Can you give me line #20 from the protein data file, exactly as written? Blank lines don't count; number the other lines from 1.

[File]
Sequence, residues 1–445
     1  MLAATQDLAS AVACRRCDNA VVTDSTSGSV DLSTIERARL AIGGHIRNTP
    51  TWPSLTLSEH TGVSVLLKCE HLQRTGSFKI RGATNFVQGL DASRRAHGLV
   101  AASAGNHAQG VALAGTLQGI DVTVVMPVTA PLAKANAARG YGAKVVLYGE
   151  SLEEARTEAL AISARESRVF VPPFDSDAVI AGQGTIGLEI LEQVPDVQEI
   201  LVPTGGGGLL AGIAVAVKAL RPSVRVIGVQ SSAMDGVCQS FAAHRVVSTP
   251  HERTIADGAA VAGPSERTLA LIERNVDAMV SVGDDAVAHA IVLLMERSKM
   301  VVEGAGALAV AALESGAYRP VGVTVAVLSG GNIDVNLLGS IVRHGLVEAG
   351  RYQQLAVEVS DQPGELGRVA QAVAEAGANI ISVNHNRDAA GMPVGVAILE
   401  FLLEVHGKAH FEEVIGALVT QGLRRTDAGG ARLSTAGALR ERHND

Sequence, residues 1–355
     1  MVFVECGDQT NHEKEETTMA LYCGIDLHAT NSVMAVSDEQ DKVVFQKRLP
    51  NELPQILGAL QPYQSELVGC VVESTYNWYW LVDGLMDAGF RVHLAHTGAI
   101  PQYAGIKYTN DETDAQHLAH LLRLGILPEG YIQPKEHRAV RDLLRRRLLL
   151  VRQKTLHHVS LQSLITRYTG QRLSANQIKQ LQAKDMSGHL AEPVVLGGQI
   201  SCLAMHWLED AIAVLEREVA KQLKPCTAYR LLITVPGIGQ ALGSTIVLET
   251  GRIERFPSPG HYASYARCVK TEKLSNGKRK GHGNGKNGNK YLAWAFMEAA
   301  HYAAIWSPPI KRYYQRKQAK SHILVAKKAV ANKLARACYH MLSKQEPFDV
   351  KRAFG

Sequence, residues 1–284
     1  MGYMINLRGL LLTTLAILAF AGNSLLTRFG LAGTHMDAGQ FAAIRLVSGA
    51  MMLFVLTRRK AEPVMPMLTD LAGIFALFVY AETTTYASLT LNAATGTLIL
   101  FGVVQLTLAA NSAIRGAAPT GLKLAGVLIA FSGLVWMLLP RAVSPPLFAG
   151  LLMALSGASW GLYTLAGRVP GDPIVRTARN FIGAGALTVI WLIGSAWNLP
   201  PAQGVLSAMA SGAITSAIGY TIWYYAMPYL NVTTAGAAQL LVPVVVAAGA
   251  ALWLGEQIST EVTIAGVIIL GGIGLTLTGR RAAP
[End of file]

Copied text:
Sequence, residues 1–284